When it comes to special occasion dining in Los Angeles, there’s no better place to bring a big group than The Bazaar, José Andrés’ multi-faceted gastronomic pleasure palace at the SLS Hotel. My friends celebrated their birthdays to a repeated chorus of oohs and ahs, not only due to the restaurant’s dramatic tableside preparations, but also for the stunning cocktails, Philippe Starck’s over-the-top décor and most importantly, the food. The Bazaar packs plenty of glitz, but they have more than enough substance to justify a splurge.
Jonathan Gold recently took a thinly veiled swing at The Bazaar in his 99 Essential L.A. Restaurants for “slinging the more reproducible artifacts of molecular cuisine without respect to season or place.” While it’s true that The Bazaar should probably change its menu more often to capitalize on SoCal seasonality, it’s hard to knock them too much on that front. After all, their massive menu features dozens of traditional and modern tapas. It’s nearly impossible to deliver both seasonality and selection. The Bazaar chose the latter, and it’s a tradeoff that I can more than live with.
My experiences have generally been very positive at The Bazaar, including Brunch at The Bazaar, Sherry Tasting with SLS Beverage Director Lucas Paya, dineLA Restaurant Week Event and The Tasting Panel Magazine‘s recent Albariño tasting. This was my first blowout dinner at The Bazaar, and most of the dishes were good to great.
The Roja y Blanco space isn’t my style, but it was visually arresting, with an open kitchen that offered views of the army of cooks that The Bazaar requires to prepare their mammoth menu. My favorite aspect was probably the “graffiti” that covered the chalkboard columns and walls. Behind the bar opposite the kitchen, they keep Spanish hams that are shaved to order with millimeter precision.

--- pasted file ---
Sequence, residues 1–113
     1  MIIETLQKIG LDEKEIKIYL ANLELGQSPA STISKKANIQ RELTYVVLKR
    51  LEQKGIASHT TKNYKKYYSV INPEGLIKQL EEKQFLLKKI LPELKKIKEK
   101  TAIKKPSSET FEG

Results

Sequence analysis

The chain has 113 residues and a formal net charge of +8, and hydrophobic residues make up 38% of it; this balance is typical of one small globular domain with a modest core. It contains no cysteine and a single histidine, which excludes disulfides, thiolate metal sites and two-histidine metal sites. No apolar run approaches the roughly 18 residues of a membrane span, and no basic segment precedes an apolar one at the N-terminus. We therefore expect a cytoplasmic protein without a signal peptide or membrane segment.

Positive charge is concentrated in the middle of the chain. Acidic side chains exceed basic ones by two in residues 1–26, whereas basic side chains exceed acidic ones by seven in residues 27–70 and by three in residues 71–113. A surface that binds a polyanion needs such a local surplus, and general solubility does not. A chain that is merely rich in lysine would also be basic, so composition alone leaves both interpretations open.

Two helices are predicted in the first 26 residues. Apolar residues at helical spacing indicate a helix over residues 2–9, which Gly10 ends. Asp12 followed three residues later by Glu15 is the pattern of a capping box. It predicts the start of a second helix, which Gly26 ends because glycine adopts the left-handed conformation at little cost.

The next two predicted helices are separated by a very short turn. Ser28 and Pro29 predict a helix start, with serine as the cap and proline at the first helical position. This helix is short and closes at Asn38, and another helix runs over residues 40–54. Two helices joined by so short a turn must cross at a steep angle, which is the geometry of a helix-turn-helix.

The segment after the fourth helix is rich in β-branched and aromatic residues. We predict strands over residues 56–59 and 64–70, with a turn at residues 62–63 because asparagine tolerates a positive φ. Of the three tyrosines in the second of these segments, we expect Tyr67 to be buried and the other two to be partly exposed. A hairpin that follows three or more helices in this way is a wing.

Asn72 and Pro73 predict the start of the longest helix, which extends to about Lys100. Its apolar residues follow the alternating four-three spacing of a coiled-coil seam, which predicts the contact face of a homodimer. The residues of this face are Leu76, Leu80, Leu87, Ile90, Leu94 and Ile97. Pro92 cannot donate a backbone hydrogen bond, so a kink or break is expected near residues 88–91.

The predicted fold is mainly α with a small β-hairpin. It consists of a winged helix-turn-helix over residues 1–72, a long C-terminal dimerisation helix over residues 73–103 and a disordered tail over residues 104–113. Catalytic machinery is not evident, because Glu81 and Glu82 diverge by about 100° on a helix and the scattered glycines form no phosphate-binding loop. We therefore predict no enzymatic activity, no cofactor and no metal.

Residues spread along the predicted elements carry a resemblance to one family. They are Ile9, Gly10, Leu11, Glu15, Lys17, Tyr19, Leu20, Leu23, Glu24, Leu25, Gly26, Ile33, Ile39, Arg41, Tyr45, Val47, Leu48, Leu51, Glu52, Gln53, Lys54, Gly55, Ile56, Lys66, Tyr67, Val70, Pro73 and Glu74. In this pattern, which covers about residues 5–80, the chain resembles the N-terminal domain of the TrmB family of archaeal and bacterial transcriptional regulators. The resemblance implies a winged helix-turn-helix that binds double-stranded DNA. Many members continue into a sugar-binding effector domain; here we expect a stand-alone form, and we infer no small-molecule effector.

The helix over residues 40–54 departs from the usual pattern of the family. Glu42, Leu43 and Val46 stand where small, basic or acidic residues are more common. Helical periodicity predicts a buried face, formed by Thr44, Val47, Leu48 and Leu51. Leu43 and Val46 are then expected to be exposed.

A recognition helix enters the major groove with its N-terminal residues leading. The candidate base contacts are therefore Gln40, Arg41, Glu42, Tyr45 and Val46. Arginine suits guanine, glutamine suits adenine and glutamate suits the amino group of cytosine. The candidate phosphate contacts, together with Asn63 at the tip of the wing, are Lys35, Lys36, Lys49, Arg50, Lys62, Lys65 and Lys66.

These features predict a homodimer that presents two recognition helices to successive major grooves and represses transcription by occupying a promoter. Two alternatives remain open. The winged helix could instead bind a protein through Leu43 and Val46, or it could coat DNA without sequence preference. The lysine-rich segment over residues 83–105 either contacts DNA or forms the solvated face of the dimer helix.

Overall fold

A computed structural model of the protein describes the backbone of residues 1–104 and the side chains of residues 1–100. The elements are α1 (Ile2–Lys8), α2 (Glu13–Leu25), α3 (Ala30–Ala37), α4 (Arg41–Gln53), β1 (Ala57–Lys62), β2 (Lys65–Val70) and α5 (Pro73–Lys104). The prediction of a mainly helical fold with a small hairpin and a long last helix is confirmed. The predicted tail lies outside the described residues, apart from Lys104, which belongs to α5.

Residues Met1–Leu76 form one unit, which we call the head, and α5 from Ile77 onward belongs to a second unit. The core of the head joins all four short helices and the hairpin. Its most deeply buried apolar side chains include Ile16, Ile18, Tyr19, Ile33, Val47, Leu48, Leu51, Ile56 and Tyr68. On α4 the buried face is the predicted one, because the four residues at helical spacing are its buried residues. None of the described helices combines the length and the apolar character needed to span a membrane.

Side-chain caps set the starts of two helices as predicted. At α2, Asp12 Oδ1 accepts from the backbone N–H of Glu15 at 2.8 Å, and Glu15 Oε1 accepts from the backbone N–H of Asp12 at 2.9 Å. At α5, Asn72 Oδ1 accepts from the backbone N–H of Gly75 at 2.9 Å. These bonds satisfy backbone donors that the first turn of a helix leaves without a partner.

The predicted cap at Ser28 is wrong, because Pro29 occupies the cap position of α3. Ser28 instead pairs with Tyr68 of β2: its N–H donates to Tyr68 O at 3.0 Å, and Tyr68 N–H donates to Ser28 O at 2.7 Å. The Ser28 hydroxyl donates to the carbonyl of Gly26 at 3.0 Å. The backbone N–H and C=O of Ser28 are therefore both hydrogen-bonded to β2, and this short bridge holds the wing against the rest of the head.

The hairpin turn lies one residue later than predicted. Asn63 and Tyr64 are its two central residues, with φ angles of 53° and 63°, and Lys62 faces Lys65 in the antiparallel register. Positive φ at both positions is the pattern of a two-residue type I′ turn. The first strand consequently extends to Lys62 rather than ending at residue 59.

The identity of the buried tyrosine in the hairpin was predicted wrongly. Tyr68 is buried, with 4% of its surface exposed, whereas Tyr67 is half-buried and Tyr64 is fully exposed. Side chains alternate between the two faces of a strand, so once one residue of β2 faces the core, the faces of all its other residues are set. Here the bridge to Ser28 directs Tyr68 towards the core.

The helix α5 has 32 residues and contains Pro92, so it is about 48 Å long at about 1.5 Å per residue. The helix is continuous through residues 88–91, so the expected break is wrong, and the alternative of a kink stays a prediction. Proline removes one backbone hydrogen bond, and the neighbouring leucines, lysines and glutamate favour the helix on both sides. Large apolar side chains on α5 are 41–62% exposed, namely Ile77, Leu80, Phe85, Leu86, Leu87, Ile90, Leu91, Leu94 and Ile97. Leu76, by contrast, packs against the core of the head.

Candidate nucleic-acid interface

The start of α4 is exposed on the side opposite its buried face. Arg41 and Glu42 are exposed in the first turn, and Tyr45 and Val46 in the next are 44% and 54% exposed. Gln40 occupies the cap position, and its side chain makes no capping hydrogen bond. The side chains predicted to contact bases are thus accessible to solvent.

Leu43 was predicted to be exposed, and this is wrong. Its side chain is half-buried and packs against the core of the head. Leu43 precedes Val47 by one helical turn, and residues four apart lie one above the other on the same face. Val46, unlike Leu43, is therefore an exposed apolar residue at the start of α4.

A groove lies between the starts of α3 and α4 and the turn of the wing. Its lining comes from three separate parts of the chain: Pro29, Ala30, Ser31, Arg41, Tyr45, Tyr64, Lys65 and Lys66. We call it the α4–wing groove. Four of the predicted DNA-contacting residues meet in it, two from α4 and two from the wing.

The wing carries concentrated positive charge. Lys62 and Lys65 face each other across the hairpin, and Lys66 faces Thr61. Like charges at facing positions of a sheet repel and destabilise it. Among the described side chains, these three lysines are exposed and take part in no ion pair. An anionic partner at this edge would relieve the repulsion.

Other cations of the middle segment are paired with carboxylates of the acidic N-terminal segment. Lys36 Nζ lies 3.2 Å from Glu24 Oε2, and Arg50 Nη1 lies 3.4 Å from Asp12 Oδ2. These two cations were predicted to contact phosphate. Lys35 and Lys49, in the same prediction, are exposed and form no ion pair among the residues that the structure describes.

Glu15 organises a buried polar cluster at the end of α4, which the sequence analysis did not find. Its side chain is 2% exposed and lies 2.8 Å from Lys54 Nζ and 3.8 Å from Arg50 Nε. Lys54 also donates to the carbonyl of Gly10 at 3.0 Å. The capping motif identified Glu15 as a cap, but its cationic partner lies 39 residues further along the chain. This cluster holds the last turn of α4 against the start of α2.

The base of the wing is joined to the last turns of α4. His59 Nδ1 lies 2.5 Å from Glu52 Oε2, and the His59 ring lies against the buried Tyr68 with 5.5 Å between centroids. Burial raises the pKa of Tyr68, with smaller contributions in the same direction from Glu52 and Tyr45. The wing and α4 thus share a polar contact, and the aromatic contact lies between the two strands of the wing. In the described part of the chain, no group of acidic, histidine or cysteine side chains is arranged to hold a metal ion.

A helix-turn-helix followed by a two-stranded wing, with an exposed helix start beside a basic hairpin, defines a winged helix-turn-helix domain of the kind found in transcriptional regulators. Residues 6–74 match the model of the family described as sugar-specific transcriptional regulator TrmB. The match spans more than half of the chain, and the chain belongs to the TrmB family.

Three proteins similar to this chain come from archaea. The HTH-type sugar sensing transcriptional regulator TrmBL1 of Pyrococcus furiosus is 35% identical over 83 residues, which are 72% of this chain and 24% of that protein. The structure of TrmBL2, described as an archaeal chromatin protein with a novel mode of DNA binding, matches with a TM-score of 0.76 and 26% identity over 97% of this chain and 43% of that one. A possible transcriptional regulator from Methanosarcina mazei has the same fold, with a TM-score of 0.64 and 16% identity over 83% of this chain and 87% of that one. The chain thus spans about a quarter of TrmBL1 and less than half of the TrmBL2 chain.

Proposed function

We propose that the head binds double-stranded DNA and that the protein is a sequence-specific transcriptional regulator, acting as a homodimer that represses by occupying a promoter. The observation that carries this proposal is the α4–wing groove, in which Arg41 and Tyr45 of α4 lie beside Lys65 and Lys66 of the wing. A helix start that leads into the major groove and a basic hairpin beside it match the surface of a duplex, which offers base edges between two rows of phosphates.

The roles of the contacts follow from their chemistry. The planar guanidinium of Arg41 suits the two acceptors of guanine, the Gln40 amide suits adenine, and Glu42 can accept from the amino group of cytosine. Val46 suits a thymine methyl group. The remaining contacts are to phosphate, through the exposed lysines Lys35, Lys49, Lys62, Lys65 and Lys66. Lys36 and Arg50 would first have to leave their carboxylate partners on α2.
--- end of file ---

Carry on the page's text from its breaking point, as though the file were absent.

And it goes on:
We went all-in and then some, ordering the tasting menu ($65 per person) and springing for several add-ons. Here’s a dish-by-dish rundown of the experience, including prices for individual dishes, in case you decide to forego the tasting menu.
We each started with Bar Centro’s cocktails, which are some of the best in L.A.
Most people chose New Classics ($16 each), which were primarily re-imagined classics like The “Liquid Cherry” Manhattan. We were given a choice of Rye, Bourbon or Canadian Whiskey. Our waitress suggested Michter’s Rye, which added some spice when shaken and poured into a martini glass with a spherified cherry.
The “cherry” at the bottom of the glass was the night’s first encounter with spherification. To spherify something, mix a liquefied or pureed ingredient with sodium alginate and dip in a bath of calcium chloride. At The Bazaar, this technology was also applied to an “olive.” Unfortunately, the cherry didn’t have the explosive sweetness that even a Maraschino delivers, but it was interesting.
Our waitress poured a “Magic” Mojito from a shaker and strained it over cotton candy. This was a missed photo op, since the cotton candy melted into the martini glass as soon as the citrusy yellow liquid made contact. Presentation aside, this was still a well-balanced mojito and wasn’t overly sweet despite the “candy.”